On Wednesday, March 16, the Federal Reserve increased interest rates for the first time since December 2018 with a .25% hike. More hikes are expected later this year (up to 6).
Questions we want to
answer for you:
Why should I pay attention?
What might this mean for my investments?
Jerome Powell, Fed Chairman has emphasized he wants to see the month-over-month inflation numbers come down. The Fed is increasingly concerned about inflation becoming unmanageable, and it latest projections indicate it may move rates above its long-term neutral rate of 2.4%. The neutral rate is a theoretical federal funds rate at which monetary policy is considered neither accommodative nor restrictive. Having said that, interest rates would still remain below inflation, creating further questions as to the effectiveness in bringing down inflation. Investors should pay attention since the interest rate cycle (interest rate curve) has historically been a good barometer for where we are at in the economic cycle.
It is important for investors to remember that Fed rate hikes typically occur near the middle of the economic cycle, which means there are potentially a number of years left of gains in equities and the economy. Historically, markets have been relatively strong a year after the initial rate hike, with the exception of 1987. According to LPL Research and Bloomberg 2.1.22, since 1983 the average return for the S & P 500 12 months past the first rate hike is 9.2% in every cycle since 1983 and stocks were higher every time except 1987 as mentioned earlier.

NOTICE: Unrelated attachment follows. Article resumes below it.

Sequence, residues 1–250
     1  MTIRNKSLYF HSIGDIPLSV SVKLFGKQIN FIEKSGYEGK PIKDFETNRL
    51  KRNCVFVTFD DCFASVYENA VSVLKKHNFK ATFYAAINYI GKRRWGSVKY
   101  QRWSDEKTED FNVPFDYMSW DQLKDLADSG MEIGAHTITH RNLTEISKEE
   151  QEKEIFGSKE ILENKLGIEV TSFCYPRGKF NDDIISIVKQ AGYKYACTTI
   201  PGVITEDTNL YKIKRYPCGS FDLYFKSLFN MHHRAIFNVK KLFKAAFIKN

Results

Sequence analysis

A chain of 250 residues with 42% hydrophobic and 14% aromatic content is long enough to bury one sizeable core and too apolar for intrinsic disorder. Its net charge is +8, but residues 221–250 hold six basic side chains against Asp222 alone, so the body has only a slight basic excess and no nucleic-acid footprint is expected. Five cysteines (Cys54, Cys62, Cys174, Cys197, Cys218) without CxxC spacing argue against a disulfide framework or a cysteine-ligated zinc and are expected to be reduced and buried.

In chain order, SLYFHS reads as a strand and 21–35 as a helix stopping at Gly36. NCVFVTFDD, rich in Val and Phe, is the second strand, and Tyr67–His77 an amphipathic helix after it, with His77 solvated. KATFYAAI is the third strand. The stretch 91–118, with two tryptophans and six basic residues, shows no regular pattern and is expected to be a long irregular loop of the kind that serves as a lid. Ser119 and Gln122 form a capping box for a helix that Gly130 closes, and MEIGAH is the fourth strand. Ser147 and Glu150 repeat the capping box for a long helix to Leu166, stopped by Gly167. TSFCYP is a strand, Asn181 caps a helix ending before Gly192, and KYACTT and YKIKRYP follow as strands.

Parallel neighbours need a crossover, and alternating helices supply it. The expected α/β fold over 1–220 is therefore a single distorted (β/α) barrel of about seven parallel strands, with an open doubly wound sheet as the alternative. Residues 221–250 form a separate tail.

The Bottom Line
The bottom line is rate hikes usually aren’t in and of themselves immediately bearish events and our team does not expect the early part of this cycle to be any different. For the short term, the headline news will be focused on Ukraine and related inflation issues, and until resolved, will create volatility in the markets. The long term should still be focused on inflation and interest rates, as these will be the driver of corporate earnings which eventually drives stock prices. The bond markets have “priced in” at least 6 – 8 additional .25% rate hikes this year and next, so expect these announcements to continue. We are watching all the data closely and our investment committee will be making some portfolio allocation shifts to reflect the dynamic nature of this economy.
Content in this material is for general information only and not intended to provide specific advice or recommendations for any individual. All performance referenced is historical and is no guarantee of future results. All indices are unmanaged and may not be invested into directly.No strategy assures success or protects agains loss. Investing involves risk including loss of principal.